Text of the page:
Stage Lighting Stands – Easy Rigging Equipment

Thursday, January 3rd, 2008 - Stage Lighting Equipment - by:

A commonly used method of rigging stage lighting, the lighting stand is safe, flexible and can be cheap. Perhaps you looking to buy your first set of lighting stands for your own mobile rig. If so, read on at the On Stage Lighting guide to using and abusing stage lighting stands…

Working with small lighting rigs in small venues is common ground for many bands and other acts. Simple touring theatre shows rig their lighting on the humble stand for versatility and speed while mobile DJ,s are never without a truss ‘n’ stands “goalpost” for their lighting effects.

Types of Stage Lighting Stand

Lighting stands come in all shapes and sizes, from small lightweight tripods that lift a few lights up 3m to large winch-up stands that can safely lift several hundred kilograms to a dizzy height of 6m.

Push Up Stands – Small telescopic tripods made from metal tube with a locking system that you can hang a few lights on, cable up, test and then push up by hand. These stands have a small weight capacity or Safe Working Loads (SWL) and usually lift to 3m or less.

Wind Up Stands – More advanced and with better SWL, Wind Ups use a mechanical system of winch/cog to lift more lights to 3m or more. They sometimes have adjustable feet to be able to cope with slightly uneven floor surfaces. A wind up lighting stand is often called Manfrotto, the brand name of the one most popular makes of stand.

Winch Up stands – These stands are cabable of lifting a few hundred kilograms up to around 6m. They have safe braking systems and a wide “footprint” (the size of the base) for good stability. Because they lift high, the stands have adjustable feet to enable them to be erected safely by ensuring that they are vertical.

Rigging Lights on the Stand

A lighting stand needs some form of rigging hardware to actually hold stage lights.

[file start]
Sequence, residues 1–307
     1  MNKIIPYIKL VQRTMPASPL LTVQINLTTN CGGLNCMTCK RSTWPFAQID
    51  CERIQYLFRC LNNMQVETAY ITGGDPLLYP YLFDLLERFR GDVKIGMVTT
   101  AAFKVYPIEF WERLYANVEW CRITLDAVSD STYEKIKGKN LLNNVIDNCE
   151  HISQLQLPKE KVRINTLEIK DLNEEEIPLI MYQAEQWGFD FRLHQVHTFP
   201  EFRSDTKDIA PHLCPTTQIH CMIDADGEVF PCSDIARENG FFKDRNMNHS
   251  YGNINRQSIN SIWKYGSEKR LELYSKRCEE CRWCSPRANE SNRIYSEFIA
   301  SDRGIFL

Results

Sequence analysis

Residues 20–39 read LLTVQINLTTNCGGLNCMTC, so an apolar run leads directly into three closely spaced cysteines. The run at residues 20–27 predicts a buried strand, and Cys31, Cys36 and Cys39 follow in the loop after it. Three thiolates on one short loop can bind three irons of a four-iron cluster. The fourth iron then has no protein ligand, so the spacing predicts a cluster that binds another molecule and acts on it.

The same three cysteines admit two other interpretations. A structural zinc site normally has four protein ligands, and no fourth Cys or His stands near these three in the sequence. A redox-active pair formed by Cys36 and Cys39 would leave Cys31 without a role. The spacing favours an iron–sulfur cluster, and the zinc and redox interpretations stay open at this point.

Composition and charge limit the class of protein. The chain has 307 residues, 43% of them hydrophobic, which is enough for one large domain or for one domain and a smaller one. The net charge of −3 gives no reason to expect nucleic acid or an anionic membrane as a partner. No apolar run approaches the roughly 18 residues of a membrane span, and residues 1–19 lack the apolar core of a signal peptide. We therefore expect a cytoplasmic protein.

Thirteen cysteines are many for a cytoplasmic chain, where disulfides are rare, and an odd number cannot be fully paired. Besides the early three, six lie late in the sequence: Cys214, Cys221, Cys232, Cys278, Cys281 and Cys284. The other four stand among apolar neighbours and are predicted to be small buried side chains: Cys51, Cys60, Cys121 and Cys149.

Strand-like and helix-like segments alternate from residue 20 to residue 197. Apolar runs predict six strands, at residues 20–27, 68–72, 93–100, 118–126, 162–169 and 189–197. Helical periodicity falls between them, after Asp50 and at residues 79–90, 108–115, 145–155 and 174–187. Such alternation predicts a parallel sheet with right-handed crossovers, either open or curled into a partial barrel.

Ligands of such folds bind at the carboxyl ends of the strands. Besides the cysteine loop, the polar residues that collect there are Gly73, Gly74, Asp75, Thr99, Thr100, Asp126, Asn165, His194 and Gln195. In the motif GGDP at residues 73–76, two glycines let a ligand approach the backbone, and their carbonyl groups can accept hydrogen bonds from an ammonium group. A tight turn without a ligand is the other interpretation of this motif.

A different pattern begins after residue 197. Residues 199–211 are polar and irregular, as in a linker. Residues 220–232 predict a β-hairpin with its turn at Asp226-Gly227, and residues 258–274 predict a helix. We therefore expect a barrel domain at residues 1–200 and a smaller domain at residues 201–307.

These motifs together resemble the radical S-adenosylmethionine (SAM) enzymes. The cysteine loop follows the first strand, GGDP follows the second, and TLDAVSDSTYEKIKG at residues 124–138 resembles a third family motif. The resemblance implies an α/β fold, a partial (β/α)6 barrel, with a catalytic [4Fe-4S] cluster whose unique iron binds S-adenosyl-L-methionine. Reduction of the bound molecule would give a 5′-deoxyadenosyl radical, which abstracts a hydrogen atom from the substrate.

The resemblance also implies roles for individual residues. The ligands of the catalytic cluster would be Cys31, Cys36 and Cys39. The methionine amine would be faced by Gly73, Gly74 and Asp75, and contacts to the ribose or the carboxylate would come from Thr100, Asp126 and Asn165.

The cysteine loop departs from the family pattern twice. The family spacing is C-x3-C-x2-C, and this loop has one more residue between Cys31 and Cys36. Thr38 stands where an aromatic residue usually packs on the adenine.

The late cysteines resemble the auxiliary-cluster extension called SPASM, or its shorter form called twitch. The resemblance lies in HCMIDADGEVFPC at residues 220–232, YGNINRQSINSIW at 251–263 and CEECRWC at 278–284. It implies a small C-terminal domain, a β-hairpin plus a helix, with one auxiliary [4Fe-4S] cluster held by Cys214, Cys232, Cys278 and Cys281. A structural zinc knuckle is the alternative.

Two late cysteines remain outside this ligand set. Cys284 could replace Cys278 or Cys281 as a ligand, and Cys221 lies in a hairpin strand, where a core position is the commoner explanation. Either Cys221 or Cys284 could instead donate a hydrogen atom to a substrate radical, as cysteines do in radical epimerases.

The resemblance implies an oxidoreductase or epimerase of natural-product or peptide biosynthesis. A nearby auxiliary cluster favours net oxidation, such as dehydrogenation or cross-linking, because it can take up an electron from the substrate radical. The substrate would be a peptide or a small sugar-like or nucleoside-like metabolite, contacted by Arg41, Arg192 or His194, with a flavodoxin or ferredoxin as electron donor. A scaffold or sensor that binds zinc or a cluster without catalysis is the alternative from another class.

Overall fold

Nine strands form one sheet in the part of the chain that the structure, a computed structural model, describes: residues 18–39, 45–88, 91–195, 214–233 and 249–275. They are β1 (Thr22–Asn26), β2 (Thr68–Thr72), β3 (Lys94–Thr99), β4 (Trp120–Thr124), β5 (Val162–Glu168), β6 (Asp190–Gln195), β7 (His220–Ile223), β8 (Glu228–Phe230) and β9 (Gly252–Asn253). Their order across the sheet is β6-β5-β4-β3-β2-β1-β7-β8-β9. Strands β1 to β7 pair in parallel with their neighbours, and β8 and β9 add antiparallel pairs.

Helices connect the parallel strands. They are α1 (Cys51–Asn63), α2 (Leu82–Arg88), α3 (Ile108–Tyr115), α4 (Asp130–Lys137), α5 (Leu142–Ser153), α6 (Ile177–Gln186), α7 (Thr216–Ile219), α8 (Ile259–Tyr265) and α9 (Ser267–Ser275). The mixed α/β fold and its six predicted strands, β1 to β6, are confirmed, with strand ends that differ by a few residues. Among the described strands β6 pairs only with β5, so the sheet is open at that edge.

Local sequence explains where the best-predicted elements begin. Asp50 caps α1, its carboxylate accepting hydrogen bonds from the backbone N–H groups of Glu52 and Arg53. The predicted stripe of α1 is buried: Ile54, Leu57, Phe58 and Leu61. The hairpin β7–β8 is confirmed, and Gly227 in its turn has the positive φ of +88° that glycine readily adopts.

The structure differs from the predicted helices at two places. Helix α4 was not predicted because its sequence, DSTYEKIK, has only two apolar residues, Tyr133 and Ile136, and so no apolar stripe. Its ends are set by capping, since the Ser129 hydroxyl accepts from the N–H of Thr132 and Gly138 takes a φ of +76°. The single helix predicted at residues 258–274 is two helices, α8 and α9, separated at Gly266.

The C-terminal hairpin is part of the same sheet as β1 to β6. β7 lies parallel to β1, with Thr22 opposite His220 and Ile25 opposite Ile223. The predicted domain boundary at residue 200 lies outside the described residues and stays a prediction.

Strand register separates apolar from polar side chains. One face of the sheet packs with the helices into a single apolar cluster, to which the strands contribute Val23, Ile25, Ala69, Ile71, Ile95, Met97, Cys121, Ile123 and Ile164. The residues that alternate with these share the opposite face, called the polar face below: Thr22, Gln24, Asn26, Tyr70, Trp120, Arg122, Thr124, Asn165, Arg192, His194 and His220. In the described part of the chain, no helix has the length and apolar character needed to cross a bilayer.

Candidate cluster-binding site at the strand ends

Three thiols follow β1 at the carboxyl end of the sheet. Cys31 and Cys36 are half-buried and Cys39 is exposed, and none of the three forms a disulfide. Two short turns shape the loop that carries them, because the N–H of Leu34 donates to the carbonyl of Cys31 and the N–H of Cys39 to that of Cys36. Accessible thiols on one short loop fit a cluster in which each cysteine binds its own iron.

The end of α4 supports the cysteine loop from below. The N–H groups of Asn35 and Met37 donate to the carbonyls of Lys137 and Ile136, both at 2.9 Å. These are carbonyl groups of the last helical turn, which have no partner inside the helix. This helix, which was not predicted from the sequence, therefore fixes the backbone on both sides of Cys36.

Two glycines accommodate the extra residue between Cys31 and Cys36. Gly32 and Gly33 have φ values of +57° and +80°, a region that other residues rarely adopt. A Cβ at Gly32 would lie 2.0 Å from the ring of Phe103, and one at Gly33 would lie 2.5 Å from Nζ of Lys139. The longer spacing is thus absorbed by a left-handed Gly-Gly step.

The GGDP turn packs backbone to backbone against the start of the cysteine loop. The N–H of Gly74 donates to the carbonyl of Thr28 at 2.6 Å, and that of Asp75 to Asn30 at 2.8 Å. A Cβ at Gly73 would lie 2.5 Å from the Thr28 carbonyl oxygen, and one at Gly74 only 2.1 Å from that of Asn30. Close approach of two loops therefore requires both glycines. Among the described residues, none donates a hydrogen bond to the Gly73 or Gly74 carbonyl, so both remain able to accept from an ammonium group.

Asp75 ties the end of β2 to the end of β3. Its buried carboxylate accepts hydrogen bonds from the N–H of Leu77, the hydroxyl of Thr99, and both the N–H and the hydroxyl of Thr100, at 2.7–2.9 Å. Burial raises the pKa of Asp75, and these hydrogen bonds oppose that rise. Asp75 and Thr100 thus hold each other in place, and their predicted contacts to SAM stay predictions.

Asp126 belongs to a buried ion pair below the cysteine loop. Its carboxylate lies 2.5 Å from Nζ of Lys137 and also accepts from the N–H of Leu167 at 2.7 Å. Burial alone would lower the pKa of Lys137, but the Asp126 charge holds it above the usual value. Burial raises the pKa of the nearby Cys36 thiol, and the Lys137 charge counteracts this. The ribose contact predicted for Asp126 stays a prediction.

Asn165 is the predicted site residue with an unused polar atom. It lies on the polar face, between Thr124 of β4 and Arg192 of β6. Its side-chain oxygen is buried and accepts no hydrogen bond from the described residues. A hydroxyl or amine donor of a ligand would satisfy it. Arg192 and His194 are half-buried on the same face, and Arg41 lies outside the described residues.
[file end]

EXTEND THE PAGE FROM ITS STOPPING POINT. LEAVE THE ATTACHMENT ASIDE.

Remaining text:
Spigots

A single light can be attached to the top using a “spigot” that is bolted where the hook clamp normally fits. The spigot slots into the top of the stand and is clamped in position using a wingbolt. Standard stage lighting spigots are 15-20mm diameter and the popular “TV spigot” being 28mm diameter.

If the stage lighting stand is incompatible with the spigot, you can always use a “spigot adaptor”.

The spigot is usually part of any system that allows rigging of multiple lights on the lighting stand.

Rigging Multiple Lights

You probably want a bit from your stage lighting stand than to rig only light on it! So you need another piece of rigging kit.

The unimaginatively named T-bar is a cross piece that fits on top of the lighting stand using a spigot. T-bars can be square or round section metal with holes drilled to bolt stage lights onto, or made from 2″ scaffold pipe for lighting hook clamps to grip. Using a T-bar you can rig quite a few lights on each stand, making sure that you keep within the stands weight limits, often written on the stand.

A standard pipe (or barrel, bar) can be attached to the top of a lighting stand using a scaffold clamp welded to a TV spigot. In the UK, these are often known as a “Big Ben”.

On larger lighting rigs, truss can be attached to the top of lighting stands using “Truss Adaptors” which are fabricated comprising of a TV spigot, spreader bar and clamps that grip the truss. Using a few large winch-up stands and truss with adaptors can create a decent sized lighting rig without the need to hang the system from the roof. The only consideration might be winching four or more stands up, all at once, when it’s only you and your mate!

The great thing about stage lighting stands is, as well as being versatile and safe when used correctly, you can rig all your lights from the comfort and safety of the floor.

You might still have to get the ladder out to focus those PAR cans – unless you are pretty handy with a long stick!!!!

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Rob is a Lighting Designer and Moving Light Programmer and currently Senior Lecturer in Technical Theatre Production at Bath Spa University in the UK. He is also the Editor of On Stage Lighting and runs workshops in stage lighting practice.

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